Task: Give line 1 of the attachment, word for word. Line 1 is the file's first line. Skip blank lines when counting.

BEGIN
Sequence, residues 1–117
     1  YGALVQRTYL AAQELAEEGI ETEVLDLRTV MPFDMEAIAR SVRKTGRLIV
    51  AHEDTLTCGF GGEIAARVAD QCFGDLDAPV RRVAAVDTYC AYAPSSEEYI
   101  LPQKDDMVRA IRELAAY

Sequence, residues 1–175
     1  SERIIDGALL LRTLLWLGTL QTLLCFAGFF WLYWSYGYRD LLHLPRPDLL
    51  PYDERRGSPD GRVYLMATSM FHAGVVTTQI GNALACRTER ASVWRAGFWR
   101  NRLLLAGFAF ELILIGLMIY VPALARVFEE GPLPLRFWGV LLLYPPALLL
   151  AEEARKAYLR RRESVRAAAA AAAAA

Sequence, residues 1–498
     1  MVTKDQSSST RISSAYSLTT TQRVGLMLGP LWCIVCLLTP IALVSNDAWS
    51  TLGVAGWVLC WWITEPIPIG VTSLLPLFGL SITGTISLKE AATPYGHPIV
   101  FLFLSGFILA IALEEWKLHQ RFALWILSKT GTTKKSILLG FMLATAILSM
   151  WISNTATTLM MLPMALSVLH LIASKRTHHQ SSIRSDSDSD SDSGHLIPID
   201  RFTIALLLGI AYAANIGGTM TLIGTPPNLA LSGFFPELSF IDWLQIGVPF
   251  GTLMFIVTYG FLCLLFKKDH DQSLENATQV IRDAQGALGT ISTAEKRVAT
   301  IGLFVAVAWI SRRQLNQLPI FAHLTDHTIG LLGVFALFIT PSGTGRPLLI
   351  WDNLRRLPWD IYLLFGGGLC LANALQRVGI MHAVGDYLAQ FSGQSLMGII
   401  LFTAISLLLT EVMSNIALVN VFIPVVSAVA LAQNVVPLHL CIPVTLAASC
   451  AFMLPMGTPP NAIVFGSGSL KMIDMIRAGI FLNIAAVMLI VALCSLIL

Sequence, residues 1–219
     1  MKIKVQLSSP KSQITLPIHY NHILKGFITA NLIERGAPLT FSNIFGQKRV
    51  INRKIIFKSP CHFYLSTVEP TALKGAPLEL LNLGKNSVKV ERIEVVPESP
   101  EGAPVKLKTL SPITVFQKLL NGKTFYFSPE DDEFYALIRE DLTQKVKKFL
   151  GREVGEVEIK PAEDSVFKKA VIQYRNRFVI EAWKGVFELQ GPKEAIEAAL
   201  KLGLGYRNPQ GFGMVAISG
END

Sequence, residues 1–117